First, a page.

Death is like a sunset. It symbolizes the end of day, a day of life. The colors are both serene and somber, yet beautiful. It’s the celebration of life.
Today is the first day of my one week “unemployment”, or staycation as some would call it. While I’ve taken two week vacations here and there, I’ve never really taken time off between jobs since I was 16.
So here I am, with nothing but also a million things to do on my checklist, I start my morning by reading the news on my Google Reader. I came across several posts that hit close to home, including one from my friend Jenna. I can’t help but join the effort to support Jennie, who recently lost her husband.
I normally don’t like sharing stories that are too personal, especially on social channels. But I’ve learned over time, sharing is a part of the mourning process – a process that digests grief slowly, but surely. Whether you like it or not, we are all human, born with same ability to feel. We may be different in how we view life and experiences that make us unique, but at the end of the day, we are quite the same.
When I was 14, I lost my beloved grandfather suddenly and it was the biggest wake-up call of my life. Flash forward four more years, my grandmother and father passed away within three months of each other, and I stood face to face with the real meaning of being lonely. As Jenna mentioned in her post, it is “a very exclusive club you never ever want to belong to”, a club I would never want to wish on my worst enemy. We can rely on our family, friends, prayer, God, whatever your support system may be, but it doesn’t relieve the pain in any way.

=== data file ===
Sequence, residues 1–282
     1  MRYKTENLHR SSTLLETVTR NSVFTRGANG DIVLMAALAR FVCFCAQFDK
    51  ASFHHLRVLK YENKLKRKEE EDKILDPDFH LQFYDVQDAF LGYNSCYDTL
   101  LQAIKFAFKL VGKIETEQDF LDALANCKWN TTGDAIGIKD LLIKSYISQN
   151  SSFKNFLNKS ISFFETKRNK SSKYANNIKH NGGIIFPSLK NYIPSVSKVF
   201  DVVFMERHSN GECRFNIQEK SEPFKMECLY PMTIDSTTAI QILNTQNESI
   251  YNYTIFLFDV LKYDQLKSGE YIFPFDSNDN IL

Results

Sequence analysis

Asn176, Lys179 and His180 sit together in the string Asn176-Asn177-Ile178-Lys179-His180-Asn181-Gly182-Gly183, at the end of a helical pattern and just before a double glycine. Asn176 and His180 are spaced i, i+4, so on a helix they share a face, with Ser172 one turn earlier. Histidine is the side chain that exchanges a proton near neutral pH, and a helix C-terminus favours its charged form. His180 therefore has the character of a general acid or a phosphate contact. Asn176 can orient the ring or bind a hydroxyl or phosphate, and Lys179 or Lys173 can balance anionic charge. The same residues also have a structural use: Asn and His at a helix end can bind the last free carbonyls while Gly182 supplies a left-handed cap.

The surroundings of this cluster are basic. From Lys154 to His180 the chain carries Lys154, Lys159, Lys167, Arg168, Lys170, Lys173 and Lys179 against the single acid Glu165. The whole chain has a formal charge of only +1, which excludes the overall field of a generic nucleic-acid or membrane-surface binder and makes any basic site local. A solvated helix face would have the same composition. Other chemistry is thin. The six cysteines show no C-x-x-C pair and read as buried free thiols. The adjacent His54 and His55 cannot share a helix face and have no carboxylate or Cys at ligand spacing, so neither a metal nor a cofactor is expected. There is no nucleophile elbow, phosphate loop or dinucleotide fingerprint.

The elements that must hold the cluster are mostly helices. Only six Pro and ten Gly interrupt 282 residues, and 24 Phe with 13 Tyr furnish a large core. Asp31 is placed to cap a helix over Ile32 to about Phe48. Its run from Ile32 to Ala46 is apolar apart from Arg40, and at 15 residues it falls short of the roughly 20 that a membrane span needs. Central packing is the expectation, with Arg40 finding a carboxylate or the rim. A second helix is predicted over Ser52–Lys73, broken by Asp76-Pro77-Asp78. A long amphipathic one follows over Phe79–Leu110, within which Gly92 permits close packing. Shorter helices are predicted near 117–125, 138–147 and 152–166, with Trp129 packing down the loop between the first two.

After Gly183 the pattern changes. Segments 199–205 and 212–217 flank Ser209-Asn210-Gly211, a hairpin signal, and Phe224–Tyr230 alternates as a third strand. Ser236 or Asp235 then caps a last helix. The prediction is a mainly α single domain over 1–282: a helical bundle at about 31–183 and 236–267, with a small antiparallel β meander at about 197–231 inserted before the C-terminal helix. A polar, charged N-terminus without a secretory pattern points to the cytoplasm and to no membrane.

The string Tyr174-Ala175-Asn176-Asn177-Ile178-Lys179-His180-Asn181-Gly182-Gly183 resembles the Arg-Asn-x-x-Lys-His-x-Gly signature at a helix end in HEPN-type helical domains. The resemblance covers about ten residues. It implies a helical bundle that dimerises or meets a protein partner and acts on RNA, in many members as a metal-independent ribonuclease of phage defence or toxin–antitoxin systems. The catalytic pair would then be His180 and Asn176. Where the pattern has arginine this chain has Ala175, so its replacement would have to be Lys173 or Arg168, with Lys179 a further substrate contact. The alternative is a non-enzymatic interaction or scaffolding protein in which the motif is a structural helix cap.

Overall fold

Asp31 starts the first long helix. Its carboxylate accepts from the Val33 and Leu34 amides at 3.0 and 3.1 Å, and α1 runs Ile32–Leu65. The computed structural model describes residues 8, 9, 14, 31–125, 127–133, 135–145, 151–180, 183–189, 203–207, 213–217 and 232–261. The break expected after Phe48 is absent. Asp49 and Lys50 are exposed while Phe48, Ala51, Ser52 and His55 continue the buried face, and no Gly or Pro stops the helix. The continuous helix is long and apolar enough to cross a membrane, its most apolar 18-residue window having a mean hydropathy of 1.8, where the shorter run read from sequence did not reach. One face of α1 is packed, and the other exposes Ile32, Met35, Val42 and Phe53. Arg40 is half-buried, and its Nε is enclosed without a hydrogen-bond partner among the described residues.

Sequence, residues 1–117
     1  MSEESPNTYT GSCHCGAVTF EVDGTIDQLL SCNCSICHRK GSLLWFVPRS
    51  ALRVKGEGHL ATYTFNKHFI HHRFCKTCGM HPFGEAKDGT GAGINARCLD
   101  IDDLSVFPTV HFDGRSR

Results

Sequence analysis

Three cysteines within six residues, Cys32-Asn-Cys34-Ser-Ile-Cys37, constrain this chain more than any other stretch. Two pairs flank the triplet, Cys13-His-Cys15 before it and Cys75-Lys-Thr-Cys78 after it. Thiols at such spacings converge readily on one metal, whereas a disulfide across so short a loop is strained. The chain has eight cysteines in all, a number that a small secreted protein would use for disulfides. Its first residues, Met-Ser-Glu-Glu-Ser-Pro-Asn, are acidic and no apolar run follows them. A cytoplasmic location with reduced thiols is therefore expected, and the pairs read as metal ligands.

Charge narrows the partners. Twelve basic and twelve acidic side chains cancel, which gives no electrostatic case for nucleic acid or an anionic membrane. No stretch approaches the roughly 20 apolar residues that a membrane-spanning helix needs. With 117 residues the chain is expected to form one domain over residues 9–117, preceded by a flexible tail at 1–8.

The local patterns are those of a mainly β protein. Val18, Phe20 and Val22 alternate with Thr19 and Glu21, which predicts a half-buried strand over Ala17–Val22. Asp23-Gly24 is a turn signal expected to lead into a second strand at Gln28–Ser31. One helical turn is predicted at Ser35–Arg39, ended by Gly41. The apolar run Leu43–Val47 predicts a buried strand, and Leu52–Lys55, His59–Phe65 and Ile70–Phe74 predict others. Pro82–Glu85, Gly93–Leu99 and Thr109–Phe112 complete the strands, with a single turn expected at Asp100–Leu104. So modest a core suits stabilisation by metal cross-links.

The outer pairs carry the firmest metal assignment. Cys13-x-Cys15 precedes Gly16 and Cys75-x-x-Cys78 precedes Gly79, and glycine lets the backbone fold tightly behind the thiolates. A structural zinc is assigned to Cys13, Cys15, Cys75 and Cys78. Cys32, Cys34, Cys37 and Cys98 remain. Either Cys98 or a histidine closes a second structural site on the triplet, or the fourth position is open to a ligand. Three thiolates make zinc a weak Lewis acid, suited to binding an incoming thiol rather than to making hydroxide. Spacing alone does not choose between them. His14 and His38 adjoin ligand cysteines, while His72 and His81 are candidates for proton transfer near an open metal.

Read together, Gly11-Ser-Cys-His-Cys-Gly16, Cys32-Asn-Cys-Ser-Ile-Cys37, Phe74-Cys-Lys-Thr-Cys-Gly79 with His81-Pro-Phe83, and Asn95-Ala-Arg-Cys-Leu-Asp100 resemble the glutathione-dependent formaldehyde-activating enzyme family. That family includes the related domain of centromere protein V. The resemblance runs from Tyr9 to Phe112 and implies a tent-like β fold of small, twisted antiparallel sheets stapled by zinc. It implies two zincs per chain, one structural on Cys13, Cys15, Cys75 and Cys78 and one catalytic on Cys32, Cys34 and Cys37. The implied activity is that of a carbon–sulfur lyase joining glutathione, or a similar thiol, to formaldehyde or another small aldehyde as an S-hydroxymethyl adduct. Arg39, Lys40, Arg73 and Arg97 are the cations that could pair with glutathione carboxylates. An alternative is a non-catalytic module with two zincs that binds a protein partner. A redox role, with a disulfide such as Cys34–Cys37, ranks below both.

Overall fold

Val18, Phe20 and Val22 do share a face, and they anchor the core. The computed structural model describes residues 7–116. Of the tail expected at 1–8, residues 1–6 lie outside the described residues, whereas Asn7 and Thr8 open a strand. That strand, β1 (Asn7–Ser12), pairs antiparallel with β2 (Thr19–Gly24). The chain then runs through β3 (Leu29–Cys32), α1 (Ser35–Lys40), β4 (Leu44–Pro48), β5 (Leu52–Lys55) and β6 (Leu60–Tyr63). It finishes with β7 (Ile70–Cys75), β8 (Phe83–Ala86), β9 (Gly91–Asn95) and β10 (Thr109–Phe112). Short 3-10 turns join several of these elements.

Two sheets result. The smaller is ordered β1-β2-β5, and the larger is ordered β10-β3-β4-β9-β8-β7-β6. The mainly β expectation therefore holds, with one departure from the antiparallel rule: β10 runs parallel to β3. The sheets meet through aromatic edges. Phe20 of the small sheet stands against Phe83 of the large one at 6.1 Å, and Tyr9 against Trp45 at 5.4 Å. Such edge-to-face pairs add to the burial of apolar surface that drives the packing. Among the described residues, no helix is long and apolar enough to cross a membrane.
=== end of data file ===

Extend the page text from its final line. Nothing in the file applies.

Fr. Roger Gillis aka Fr. Rog was a college mentor of mine who also passed before his time. He taught me the meaning of love (for ourselves and others) and I’ll never forget his last words:
It is not always easy to love ourselves. On the other hand, it is easy for me to love all of you. It isn’t too tricky, because if you love other people, they’ll love you back! …but lovers don’t keep score. Take heed St. John’s call: Love one another. Take time to be with each other and to encourage each other. You can’t build community at a distance. We all get busy but take time for one another because this is how we know we are loved. -Fr. Rog, S.J. (1947 – 2010)
I was lucky I was too young to deal with the real world, because planning a funeral, dealing with insurance paperwork, and raising kids is a heavy load on its own. I am so humbled by Jennie’s optimism and ability to deal, all while catering to her own mourning process, but let’s be honest, it can’t be easy.
As a human being, we are all the same. Let’s join efforts and help one another in one of these ways:
+ Tell or remind someone you care about how much you love them. Forgive, love without limit.